A lot of of investors don’t really know what to do with Wall Street equity research. While certain analysts are very insightful, the misaligned interests and intentional underestimation sometimes make it hard to separate what to listen to from what to ignore. However, there is a clear way to make purchases based on Wall Street forecasts—when there is a heavy consensus on a stock, buy it. The key signals to look for are when price targets are similar across all analysts, and when all are saying “overweight” or buy. Such occurrences are not as common as many might think, but they are very potent when they do appear.
FINSUM: This makes some sense as equity research analysts are a reflection of the general sentiment amongst institutional investors. If all seem to be positive, then the underlying feeling on that stock is bullish.
Wall street bulls are becoming an endangered species, or so says the Financial Times. In a worrying sign for stocks, investors are increasing their cash balances, a move that supports the flood of bearish outlooks out there right now. Most analysts have a fairly pessimistic view of the market, with many calling for a recession and market downturn by the end of 2020. Precious few have bullish views, leaving Krishna Memani, CIO of OppenheimerFunds, in a unique spot in that he thinks we are in the middle of a 20-year bull market.
FINSUM: Most everyone has gotten very bearish in their medium term outlooks. Counter indicator?
One of the big challenges in digesting earnings is trying to parse through what are and what are not material statements made by company executives on earnings calls. Executives at publicly traded companies have become experts at deflecting tough questions and use sophisticated and evasive language to obfuscate the direction of their companies. However, American Century Investments is debuting a new piece of language processing software which can intelligently understand the commentary and identify material versus immaterial statements, or what they call “BS”. The software is highly sophisticated in spotting not just key words, but patterns and relationships between statements. It cites four areas that can help it find BS: omission, “spin”, obfuscation, and blame.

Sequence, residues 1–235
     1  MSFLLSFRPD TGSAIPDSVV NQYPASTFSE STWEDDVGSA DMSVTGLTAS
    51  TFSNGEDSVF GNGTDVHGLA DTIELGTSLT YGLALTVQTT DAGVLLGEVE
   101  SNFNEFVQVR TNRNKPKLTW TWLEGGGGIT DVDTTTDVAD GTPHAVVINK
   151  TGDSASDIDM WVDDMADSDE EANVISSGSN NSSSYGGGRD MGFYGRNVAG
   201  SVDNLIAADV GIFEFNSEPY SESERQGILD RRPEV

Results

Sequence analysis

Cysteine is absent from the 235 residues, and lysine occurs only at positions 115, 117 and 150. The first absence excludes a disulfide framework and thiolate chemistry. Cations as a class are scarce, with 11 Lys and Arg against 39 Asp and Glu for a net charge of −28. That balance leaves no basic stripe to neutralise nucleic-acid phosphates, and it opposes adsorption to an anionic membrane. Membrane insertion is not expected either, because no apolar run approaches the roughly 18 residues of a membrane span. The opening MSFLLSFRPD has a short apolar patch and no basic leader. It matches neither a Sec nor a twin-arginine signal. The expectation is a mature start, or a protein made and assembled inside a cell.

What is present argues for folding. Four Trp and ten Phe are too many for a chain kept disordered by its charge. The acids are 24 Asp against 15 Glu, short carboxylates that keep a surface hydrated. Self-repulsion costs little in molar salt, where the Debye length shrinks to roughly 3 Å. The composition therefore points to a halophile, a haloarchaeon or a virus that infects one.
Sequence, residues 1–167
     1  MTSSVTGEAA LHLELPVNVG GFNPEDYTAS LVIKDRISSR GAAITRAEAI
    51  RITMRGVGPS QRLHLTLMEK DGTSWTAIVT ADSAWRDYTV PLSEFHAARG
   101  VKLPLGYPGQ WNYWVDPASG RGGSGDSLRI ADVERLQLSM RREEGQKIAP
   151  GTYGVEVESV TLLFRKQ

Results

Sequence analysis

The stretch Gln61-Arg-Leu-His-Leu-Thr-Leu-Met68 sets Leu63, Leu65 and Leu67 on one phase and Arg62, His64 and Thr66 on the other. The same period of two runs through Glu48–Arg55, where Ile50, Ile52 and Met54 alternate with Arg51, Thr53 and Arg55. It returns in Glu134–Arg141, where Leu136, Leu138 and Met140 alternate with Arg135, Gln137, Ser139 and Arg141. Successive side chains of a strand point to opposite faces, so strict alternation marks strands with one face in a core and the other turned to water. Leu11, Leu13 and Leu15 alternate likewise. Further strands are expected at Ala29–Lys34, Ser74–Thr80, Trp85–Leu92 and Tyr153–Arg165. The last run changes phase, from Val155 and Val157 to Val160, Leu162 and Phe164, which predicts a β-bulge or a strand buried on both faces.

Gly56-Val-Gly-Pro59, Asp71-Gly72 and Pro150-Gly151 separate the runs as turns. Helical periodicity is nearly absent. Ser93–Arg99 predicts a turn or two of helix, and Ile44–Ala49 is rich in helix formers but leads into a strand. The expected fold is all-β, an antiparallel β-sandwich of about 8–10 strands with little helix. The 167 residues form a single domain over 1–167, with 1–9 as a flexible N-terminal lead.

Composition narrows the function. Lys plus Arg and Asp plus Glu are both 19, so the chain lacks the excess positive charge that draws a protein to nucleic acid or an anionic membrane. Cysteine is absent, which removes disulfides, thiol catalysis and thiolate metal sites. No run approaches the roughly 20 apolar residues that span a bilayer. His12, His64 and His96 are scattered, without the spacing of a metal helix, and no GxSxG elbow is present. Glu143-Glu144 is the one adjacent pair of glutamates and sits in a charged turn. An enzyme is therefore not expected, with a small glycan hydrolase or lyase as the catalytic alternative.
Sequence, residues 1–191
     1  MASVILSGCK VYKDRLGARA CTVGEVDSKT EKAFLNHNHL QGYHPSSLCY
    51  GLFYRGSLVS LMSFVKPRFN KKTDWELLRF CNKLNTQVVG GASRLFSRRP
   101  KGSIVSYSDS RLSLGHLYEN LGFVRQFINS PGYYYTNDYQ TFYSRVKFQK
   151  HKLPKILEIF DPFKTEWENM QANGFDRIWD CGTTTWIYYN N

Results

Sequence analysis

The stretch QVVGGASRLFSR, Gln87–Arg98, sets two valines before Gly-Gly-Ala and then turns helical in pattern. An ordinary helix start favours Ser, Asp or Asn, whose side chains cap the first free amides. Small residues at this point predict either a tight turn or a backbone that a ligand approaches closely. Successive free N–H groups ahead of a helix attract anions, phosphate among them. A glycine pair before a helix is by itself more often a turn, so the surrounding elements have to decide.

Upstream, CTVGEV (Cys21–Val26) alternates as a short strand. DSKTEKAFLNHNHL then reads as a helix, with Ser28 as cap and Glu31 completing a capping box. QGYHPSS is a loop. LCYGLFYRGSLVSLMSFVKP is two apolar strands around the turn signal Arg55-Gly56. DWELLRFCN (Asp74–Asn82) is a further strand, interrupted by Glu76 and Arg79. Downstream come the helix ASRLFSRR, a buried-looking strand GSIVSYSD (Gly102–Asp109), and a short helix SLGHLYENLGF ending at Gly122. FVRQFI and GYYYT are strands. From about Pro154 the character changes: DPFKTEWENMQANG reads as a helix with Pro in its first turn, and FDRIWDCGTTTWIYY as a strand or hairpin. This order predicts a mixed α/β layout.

FINSUM: This seems as though it could be a useful tool, especially as it is more sophisticated than just using key words (which people can easily adapt to).
Being journalists ourselves, we are always on the lookout for the best content for our readers, including who to read for stock calls. That led us to a site, called TipRanks, which ranks all the equity research analysts on Wall Street. One of the major components of their rankings is their average market return per recommendation. The top ten analysts from returns are: Richard Davis, Cannacord Genuity (42.7% return per recommendation); Ross MacMillan, RBC Capital; Joseph Foresi, Cantor Fitzgerald; Matthew Hedberg, RBC Capital; Glenn Greene, Oppenheimer; Brian Schwartz, Oppenheimer; John Difucci, Jefferies; Brent Bracelin, KeyBanc; Gerard Cassidy, RBC Capital; and Brian Peterson, Raymond James.
FINSUM: This list, and TipRanks in general, is a great way to separate value from noise in all those equity research comments.
We thought our readers might like to see some high conviction stock buys from top ranking sell-side analysts. All of the following seven picks are rated a “strong buy” by top ranked analysts and have price targets 20% or more above the current price. The picks come from a wide variety of sectors and include: Turtle Beach (HEAR), Alibaba (BABA), Cigna Corp (CI), Marathon Petroleum (MPC), Amarin Corp (AMRN), and Teladoc Health (TDOC).
FINSUM: These are diverse picks both in terms of geography and sector. Amarin and Alibaba are the most interesting for us. The former because of buyout rumors by Pfizer, and the latter because of its strong growth characteristics.